The Engineering Leaders Under 40 program identifies and gives recognition to young engineers who...
Sister act: Building on their father's legacy, a new generation moves Bales Metal Surface Solutions forward; Meet the 2015 Engineering Leaders Under 40
2015 Mid-Year Report: Manufacturing's newest tool: In a digital age, digits will play a key role in the plant of the future; Ethernet certification; Mitigate harmonics; World class maintenance
2015 Lubrication Guide: Green and gold in lubrication: Environmentally friendly fluids and sealing systems offer a new perspective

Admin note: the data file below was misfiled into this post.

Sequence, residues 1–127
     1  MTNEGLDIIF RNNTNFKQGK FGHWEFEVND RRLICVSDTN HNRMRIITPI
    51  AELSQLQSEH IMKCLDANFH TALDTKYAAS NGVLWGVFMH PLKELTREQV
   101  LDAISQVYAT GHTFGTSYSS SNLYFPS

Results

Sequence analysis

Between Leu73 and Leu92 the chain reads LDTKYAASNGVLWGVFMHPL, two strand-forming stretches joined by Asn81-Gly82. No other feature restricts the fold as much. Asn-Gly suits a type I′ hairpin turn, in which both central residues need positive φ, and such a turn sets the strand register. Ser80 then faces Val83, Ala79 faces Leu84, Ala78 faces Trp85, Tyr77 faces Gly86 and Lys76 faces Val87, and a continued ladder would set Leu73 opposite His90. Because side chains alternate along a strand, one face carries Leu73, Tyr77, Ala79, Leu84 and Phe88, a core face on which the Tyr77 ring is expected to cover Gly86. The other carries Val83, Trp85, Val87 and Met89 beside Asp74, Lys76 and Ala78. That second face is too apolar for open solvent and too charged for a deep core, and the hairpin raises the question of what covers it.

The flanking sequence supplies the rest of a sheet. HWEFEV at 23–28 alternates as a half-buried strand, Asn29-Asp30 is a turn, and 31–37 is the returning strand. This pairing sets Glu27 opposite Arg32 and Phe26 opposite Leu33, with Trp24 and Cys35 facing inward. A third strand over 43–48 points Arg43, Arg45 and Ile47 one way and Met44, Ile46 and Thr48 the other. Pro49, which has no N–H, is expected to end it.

Drilling for Big Data: Managing the flow of information; Big data drilldown series: Challenge and opportunity; OT to IT: Creating a circle of improvement; Industry loses best workers, again
Pipeline vulnerabilities? Securing hydrocarbon transit; Predictive analytics hit the mainstream; Dirty pipelines decrease flow, production—pig your line; Ensuring pipeline physical and cyber security
Cyber security attack: The threat is real; Hacking O&G control systems: Understanding the cyber risk; The active cyber defense cycle
Designing positive-energy buildings; Ensuring power quality; Complying with NFPA 110; Minimizing arc flash hazards
Building high availability into industrial computers; Of key metrics and myth busting; The truth about five common VFD myths
New industrial buildings: Greener, cleaner, leaner; New building designs for industry; Take a new look at absorption cooling; Offshored jobs start to come back

Annual Salary Survey